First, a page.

This writer finds Paul’s actions and priorities at this point of time utterly revelatory. I see Paul as the ultimate role model for all Christians, and especially ministers. This priority choice, this value judgement, as far as this writer is concerned, is a game changer, if not a total paradigm transformer. He left the huge move of God in Ephesus hastily and “in a fragile state” for the same reason he left Troas hastily and “in a fragile state.” I understand how it is to some people almost unforgiveable to even suggest Paul was beaten down with any issue, but the scriptures explain it so plainly. Anxiety concerning the church in Corinth had him utterly distracted.
There is a need to state what we know, and what is conjecture concerning Paul’s condition as he left Ephesus for Troas, and Troas for Macedonia.
The book of Acts informs us that Paul had three years in Ephesus, he decided that he was going to leave, and then after a riot by the silversmiths – a riot in which Paul himself was not harmed or manhandled – he suddenly decided to leave. We would be left to conclude that he decided to leave because of the riot, if it wasn’t for Second Corinthians. We are there informed that something terrible happened to Paul (2 Corinthians 1:8-9). What took place was so terrible that it nearly killed him, and it was so prolonged that he actually concluded that he would not survive the situation. What was it?
Scholars generally assume it was harsh physical manhandling, torture even, as well as chained imprisonment in Ephesus. We also have intelligence from Second Corinthians that tells us that simultaneous to whatever was threatening his life, the church in Corinth was, to put it in blunt twenty first century street language, “driving him nuts.”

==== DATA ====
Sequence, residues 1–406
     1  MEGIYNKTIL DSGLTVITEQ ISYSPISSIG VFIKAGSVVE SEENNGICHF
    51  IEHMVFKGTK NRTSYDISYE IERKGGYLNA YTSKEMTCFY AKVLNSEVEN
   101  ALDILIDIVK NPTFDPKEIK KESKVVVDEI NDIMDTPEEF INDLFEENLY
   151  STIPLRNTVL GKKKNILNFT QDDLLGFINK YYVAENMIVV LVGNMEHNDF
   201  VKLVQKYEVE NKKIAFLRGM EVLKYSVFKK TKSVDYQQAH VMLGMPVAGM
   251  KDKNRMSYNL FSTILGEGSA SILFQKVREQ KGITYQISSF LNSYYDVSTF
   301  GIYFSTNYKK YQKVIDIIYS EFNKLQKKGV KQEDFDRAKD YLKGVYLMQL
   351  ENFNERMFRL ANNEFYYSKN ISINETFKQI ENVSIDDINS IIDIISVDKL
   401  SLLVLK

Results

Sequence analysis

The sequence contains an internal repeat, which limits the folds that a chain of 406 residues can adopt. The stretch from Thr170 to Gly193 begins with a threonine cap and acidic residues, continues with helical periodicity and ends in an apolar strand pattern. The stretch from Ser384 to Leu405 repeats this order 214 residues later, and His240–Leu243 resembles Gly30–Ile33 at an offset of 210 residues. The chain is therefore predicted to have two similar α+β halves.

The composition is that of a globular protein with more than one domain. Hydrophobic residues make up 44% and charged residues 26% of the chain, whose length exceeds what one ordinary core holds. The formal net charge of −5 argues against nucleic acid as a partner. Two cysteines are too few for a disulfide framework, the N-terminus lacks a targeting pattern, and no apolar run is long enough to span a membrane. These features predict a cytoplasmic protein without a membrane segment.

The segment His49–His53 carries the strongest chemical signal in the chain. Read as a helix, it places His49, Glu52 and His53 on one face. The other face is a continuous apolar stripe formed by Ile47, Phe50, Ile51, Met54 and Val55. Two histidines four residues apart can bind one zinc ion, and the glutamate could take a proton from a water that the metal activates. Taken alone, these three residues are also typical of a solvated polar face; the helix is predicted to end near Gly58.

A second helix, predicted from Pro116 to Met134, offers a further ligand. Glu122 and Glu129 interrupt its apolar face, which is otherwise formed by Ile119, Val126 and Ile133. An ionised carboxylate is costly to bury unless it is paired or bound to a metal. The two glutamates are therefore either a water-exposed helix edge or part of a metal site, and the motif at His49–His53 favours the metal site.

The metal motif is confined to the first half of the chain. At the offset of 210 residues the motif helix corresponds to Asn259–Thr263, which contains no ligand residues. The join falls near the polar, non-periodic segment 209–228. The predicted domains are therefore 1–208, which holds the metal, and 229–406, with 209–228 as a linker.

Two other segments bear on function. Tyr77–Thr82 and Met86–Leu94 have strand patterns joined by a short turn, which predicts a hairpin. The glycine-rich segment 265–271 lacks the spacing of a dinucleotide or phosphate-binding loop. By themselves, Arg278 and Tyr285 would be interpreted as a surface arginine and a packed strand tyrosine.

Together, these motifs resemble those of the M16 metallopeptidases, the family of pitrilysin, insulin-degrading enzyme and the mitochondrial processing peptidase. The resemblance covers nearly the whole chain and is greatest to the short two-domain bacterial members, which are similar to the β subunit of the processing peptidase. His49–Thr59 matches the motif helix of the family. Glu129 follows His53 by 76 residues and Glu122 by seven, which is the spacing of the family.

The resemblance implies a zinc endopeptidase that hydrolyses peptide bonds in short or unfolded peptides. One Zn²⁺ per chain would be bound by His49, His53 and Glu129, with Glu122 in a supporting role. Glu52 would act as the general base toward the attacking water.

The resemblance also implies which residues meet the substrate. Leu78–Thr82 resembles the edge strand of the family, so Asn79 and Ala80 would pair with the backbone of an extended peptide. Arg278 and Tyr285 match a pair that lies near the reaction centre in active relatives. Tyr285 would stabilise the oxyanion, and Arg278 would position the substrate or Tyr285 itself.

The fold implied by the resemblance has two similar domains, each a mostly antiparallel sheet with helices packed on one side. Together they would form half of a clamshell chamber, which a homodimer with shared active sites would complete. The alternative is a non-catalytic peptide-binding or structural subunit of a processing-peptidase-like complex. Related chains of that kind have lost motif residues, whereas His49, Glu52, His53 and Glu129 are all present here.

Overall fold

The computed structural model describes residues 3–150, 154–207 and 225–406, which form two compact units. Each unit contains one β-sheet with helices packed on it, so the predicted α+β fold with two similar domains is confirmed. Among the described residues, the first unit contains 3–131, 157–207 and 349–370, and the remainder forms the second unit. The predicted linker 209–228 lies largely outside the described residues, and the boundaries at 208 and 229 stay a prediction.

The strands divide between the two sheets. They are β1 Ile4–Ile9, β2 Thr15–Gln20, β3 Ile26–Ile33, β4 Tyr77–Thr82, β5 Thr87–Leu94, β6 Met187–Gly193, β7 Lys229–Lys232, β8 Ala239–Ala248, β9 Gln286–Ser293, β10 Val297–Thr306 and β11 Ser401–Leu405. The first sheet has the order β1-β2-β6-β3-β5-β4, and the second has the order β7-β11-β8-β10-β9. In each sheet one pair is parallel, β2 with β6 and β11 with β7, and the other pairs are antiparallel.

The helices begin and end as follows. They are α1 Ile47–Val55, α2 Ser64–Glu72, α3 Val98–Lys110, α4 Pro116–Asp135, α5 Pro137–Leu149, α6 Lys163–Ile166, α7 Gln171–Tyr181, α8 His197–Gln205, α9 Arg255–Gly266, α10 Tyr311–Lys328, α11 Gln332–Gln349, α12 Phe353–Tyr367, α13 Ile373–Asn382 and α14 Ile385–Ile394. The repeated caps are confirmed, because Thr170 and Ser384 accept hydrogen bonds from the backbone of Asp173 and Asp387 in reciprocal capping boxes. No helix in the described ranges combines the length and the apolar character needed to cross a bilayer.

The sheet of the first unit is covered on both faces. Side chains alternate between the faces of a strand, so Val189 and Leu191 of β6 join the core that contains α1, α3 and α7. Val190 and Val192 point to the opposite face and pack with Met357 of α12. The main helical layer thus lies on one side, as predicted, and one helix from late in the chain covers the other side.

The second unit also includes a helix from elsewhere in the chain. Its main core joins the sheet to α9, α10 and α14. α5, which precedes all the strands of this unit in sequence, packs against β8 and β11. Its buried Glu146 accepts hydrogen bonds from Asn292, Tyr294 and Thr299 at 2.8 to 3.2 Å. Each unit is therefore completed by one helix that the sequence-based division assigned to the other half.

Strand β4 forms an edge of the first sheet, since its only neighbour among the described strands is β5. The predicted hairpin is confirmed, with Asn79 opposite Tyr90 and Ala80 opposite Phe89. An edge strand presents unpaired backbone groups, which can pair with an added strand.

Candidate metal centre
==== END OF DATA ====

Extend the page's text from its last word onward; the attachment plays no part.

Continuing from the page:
Some psychologists interpret the language that Paul uses in Second Corinthians as evidence of a breakdown. Was that what Corinth did to him? Was it the hardship and affliction of persecution? Or was it the imprisonment that we believe he endured in Ephesus, an imprisonment not mentioned in Acts or Corinthians, but is concluded by close examination of some of the “prison epistles” of Paul that are not consistent with his prison experience in Rome? Or was it a compendium of Corinth, persecution and prison that nearly broke the great apostle? I believe the latter is more than likely.
From Ephesus to Troas! From Troas to Macedonia! And we are not told how many other cities, towns or villages Paul alighted on in Macedonia, only to anxiously move on while he was looking for Titus. In what town Paul actually met his loyal and greatly trusted friend, we are not told, but somewhere in Macedonia, Paul turned a corner – and there he was. Titus was happily greeted and Paul was greatly relieved of his painful tension of mind by news and intelligence from the Corinthian Christians, news which, although chequered, was, in the main, favourable. We know it was chequered, because of what he wrote in 2 Corinthians.
From Titus, Paul learnt that his change of plan about visiting the troublesome group of saints had given them grounds for unfavourable criticism, and injurious remarks about his character (2 Corinthians 1:17). Titus had been well received on the whole, yet even with his experience, was filled with fear and trembling with the church there (2 Corinthians 7:13-15). Titus was to return to Corinth, leaving Paul yet again, carrying the scroll of what we refer to as Paul’s Second Letter to the Corinthians (2 Corinthians 8:6). From this letter we learn that, whatever may have been the nature of his condition when he left Asia, whether it was grievous injury from beatings or violence against his person, external persecution, inward anxiety caused by his persecutors, as well as the Corinthian church, or all of these three – his stay in Macedonia had suffered from the same overwhelming distress which had marked the close of his residence in Ephesus, and the brevity of his stay in Troas (2 Corinthians 7:5-7). Paul himself describes his condition as one of mental and physical prostration. “Our flesh had no rest, but we are troubled on every side, from fightings without, and fears within”(2 Corinthians 7:5). This was a long trip, the details of which we are not told. We can only conjecture that it is during this trip that Paul went up to Illyricum – that is today’s Albania (Romans 15:19).
Part Five Next Week